When calculating sanctions for civil contempt of FTC consent order, district court has broad discretion to use amount of loss by consumers, the Ninth Circuit held in FTC v.EDebitPay LLC (9th Cir. Case No. 11-55431, Aug. 28, 2012).
The Federal Trade Commission (FTC) sued EDebitPay LLC, which marketed online prepaid charge cards, and its owners, Dale Cleveland and William Wilson, alleging that their online marketing of prepaid debit cards and short-term loans violated the Federal Trade Commission Act (Act). The parties settled and stipulated to the terms of a final order, under which the defendants were enjoined from making misrepresentations of fact material to a consumer’s decision to apply for or purchase their products. Later, the FTC applied for an order to show cause why the defendants should not be held in contempt for violating the order due to their marketing of a shopping club membership program and a “no cost” debit card. The district court held the defendants in contempt, awarding the FTC $3,778,315, which constituted the amount of loss by consumers. The defendants argued that they only should have been ordered to disgorge their profits.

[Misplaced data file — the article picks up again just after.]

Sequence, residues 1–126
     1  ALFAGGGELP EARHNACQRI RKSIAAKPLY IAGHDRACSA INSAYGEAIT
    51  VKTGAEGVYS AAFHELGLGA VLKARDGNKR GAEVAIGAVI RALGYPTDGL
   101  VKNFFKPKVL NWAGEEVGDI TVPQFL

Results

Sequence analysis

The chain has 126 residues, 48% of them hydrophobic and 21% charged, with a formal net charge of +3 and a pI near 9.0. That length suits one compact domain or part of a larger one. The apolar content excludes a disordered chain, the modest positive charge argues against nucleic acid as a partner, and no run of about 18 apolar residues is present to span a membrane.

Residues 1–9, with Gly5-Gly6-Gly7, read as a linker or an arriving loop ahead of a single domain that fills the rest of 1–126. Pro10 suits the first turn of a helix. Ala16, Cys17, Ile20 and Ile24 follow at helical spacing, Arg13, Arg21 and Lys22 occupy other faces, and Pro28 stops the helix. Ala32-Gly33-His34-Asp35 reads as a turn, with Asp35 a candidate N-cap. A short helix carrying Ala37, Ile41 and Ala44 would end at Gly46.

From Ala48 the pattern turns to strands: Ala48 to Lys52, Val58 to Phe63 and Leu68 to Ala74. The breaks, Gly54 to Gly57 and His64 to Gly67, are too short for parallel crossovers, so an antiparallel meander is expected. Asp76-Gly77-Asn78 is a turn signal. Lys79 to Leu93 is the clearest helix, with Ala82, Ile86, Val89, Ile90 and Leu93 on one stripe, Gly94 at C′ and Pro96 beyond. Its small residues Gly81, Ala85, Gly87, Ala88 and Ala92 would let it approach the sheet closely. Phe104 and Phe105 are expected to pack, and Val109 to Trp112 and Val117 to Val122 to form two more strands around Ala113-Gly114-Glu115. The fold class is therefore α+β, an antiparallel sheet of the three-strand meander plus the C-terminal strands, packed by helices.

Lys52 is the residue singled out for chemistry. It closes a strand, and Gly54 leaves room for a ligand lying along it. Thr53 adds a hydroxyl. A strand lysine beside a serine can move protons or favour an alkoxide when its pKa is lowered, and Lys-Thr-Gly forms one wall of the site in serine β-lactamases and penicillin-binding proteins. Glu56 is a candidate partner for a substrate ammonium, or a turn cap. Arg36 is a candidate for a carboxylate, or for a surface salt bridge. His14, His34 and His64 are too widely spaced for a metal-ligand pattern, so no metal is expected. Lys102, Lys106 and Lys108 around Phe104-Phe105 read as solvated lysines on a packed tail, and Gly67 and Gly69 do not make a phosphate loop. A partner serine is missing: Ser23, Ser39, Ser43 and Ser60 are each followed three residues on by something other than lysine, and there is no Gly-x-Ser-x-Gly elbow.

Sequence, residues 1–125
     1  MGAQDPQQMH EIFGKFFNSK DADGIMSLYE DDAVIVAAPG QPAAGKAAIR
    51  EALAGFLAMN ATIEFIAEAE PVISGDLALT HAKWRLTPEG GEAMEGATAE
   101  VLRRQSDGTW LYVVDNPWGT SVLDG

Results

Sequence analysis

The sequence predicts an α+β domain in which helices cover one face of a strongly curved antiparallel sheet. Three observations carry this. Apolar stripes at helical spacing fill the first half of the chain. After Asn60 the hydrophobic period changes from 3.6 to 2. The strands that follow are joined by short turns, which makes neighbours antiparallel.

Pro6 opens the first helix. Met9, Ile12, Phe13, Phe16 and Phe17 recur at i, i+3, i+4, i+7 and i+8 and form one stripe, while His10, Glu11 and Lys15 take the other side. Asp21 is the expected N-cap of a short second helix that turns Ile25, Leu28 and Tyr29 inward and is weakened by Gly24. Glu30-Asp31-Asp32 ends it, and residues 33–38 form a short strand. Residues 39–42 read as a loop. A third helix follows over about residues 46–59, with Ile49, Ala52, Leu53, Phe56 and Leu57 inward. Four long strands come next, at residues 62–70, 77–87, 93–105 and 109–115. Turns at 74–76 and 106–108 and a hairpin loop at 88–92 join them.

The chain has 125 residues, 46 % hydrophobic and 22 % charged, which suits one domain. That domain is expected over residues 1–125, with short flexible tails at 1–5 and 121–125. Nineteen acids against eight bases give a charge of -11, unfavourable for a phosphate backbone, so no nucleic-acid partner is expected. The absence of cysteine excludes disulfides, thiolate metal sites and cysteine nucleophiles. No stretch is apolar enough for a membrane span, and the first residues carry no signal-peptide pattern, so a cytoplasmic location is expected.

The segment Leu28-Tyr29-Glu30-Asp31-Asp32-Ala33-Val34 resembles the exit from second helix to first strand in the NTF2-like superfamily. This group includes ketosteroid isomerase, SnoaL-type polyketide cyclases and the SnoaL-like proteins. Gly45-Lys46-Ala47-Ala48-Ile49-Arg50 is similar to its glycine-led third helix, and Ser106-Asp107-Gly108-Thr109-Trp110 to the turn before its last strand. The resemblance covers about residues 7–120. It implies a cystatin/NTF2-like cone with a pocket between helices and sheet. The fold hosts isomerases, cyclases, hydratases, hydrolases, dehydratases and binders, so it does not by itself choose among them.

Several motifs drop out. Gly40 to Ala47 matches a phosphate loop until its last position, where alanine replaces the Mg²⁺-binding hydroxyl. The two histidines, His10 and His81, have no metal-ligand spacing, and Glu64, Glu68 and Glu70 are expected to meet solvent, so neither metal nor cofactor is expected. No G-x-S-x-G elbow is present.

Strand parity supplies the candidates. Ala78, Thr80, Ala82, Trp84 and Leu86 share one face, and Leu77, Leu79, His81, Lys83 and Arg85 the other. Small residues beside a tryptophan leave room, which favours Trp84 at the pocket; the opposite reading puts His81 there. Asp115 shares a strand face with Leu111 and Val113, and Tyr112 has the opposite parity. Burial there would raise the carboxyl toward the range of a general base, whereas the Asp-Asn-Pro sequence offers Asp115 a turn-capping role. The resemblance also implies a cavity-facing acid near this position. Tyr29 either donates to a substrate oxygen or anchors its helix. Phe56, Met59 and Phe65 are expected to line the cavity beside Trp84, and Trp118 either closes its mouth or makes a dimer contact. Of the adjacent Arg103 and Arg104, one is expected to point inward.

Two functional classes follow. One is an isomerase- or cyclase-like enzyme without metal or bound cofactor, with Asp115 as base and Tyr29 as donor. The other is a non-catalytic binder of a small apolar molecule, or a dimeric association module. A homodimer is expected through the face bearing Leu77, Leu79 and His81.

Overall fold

The Ninth Circuit affirmed the order, holding that “[d]istrict courts have broad equitable power to order appropriative relief in civil contempt proceedings.” Under the Act, district courts have “broad authority” to grant the necessary relief to accomplish complete justice in direct FTC actions, which includes the power to order restitution to consumers. In addition, this court held that district courts have broad discretion to use consumer loss to calculate sanctions for civil contempt of an FTC consent order. Here, the district court sanctioned the defendants for the full amount lost by consumers, and sufficiently explained that full restitution, instead of disgorgement, would be appropriate given that the defendants disregarded core provisions of the final order. Thus, the Ninth Circuit concluded, the district court’s decision was not an abuse of discretion.
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